Call me foolish; call me a sucker; call me unreliable; call me anything but collect -- What can I tell you? I have an obsessive interest in decision-support/decision-modeling software.

Maybe I like analyzing things too much; maybe I believe intellectual serendipity and intuition can be pinned to a piece of software like a butterfly; maybe I just like flogging a dead horse. It doesn't matter. So here I am writing about yet another intriguing program that offers new ways of exploring how people make decisions.

Regular readers of this column have suffered through my infatuation with Lightyear -- a decision-modeling program for the IBM-PC -- and a subsequent mea culpa column after the company failed abysmally in selling its product and had to be rescued by Thoughtware (yet another software maker).

That second column performed an autopsy on Lightyear's failure (priced too high, unfocused marketing plan, etc.) while bravely suggesting that there was still a future for decision-support software.

What is decision-support/modeling software? To recap, it's software that lets one list, rank and analyze the criteria one uses to make a decision.

Why is that important? Because it gives people a chance to come to grips with how and why they make the decisions that they do. It offers a computer-aided lens for introspection. It lets you dissect your priorities. It enables you to twiddle and manipulate your decision assumptions to see how decision outcomes might change if you modified your criteria just a little bit.

Why is that important? Too often, people lay out spreadsheets, model problems and generate scenarios without really appreciating to what extent their internal biases and priorities taint what should be an objective analysis and decision. Applications of this type of software range from hiring employes to assessing investment criteria to computer dating.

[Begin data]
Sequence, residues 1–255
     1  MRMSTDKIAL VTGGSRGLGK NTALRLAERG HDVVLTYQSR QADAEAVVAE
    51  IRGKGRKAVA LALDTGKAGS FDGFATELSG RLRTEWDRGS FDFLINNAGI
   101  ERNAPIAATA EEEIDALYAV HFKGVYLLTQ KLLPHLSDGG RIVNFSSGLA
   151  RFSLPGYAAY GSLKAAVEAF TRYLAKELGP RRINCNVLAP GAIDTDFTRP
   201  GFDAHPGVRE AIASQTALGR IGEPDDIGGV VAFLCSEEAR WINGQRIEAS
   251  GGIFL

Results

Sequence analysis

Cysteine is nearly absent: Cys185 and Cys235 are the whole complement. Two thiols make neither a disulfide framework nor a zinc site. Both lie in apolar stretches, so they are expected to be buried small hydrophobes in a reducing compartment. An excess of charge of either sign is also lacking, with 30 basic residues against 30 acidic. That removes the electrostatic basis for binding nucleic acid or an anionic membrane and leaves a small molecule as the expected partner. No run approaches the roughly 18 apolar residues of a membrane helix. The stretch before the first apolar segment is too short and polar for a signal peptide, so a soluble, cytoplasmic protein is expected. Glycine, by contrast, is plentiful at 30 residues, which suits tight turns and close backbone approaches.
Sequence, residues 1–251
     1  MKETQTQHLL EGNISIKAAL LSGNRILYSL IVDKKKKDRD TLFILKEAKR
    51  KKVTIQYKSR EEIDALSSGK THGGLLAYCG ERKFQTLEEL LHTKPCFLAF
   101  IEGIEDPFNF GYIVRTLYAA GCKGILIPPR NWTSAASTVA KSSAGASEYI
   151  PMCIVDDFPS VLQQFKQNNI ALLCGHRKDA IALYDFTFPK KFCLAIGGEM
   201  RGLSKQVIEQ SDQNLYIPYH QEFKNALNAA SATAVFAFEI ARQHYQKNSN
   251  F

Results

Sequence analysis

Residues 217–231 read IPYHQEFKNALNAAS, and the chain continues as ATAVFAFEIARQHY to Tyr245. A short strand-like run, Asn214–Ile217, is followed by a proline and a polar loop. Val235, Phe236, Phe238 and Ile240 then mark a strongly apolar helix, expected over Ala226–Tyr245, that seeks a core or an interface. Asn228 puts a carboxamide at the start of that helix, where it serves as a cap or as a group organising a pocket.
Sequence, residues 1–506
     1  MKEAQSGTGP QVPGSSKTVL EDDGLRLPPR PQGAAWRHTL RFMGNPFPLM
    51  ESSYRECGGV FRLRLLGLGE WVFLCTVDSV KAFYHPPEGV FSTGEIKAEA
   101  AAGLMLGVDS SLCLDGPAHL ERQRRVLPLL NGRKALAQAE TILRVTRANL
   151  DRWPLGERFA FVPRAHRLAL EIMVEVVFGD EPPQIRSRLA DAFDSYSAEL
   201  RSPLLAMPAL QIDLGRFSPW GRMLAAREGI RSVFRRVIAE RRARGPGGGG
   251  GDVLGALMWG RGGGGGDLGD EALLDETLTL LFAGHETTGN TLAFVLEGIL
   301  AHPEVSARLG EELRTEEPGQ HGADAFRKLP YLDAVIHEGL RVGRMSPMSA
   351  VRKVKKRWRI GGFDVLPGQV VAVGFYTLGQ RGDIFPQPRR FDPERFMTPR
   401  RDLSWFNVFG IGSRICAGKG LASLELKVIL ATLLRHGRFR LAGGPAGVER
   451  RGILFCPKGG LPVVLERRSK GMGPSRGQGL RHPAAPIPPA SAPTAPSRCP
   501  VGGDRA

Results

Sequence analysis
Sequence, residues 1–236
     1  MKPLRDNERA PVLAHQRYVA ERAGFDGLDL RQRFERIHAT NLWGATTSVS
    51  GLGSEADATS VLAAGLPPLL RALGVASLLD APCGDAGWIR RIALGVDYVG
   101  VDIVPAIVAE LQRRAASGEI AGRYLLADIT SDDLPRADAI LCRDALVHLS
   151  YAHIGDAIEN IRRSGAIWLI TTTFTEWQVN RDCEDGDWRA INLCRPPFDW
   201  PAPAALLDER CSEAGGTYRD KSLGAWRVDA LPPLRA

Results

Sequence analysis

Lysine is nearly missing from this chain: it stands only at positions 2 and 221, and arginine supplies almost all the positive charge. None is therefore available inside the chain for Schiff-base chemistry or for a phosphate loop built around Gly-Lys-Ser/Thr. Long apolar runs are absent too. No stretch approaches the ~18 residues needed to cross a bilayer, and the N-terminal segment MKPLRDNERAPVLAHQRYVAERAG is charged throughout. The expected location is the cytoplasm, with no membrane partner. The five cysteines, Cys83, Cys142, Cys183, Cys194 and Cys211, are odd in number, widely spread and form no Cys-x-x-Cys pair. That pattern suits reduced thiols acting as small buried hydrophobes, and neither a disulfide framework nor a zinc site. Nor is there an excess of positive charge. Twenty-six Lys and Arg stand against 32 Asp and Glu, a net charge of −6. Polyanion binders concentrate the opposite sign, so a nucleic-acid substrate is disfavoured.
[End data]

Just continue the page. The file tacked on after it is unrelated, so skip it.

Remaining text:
In essence, we're talking about nonquantitative ways of examining vital information. Lightyear's approach wasn't bad but I think that Softstyle's new DecisionMap (for the Macintosh) really could be something special.

"DecisionMap will do for decision modeling what Visicalc did for financial modeling," boasts Softstyle's president, Craig Slayter.

Well, don't hold your breath . . . but it does have some very good things going for it.

First and foremost, the price borders on reasonable. At $145, it's less than one-third the price of Lightyear. I personally would like to see a price closer to $99.

Secondly -- and this is vital -- it intelligently exploits everything that is decent and easy to use about the Macintosh interface. In other words, this is a very visually oriented program. It lets you "see" how you rate your decision priorities.

For example, let's say you're seeking "decision support" in hiring an employe. With DecisionMap, you would establish the relative importance of five key factors: say, references, intelligence, ability to grow, skill with people, and energy.

Unlike other decision programs that make you assign numerical values to those choices in order of priority, DecisionMap has you use the Mac's mouse to create little bar graphs to chart how important those differing criteria are.

Of course, you can go back and change the height of the bars -- and DecisionMap automatically calculates how the move changes your overall choice.

You can compare candidates on the individual criteria or clusters of criteria or in toto. You can create sublevels for each of your main criteria (for example, "street smarts," grades and verbal skills could be subfactors in the intelligence category).

DecisionMap makes it easy to skip back and forth between factors and candidates to twiddle with your rankings. This isn't a sterile decision tree with branches of choices to make. This is very free-form, and the mouse and menus makes assembling the DecisionMaps a breeze.

Is this useful? I suppose that's up to the individual, but I wouldn't be surprised to see marketing groups and sales people use DecisionMap as a sales tool to guide prospects through a buying decision -- ranking the buyer's priorities, for example.

Will it sell? Don't ask me that, but this program is worth a look.

Softstyle, based in Honolulu, has a toll-free number: (800) 367-5600.

Another decision-support program I've seen is Expert Choice, for IBM-PCs. The price is stiff at $495 and it's a little too decision-treeish for my taste, but some users swear by it. It's from Decision Support Software at 1300 Vincent Place McLean, 22101.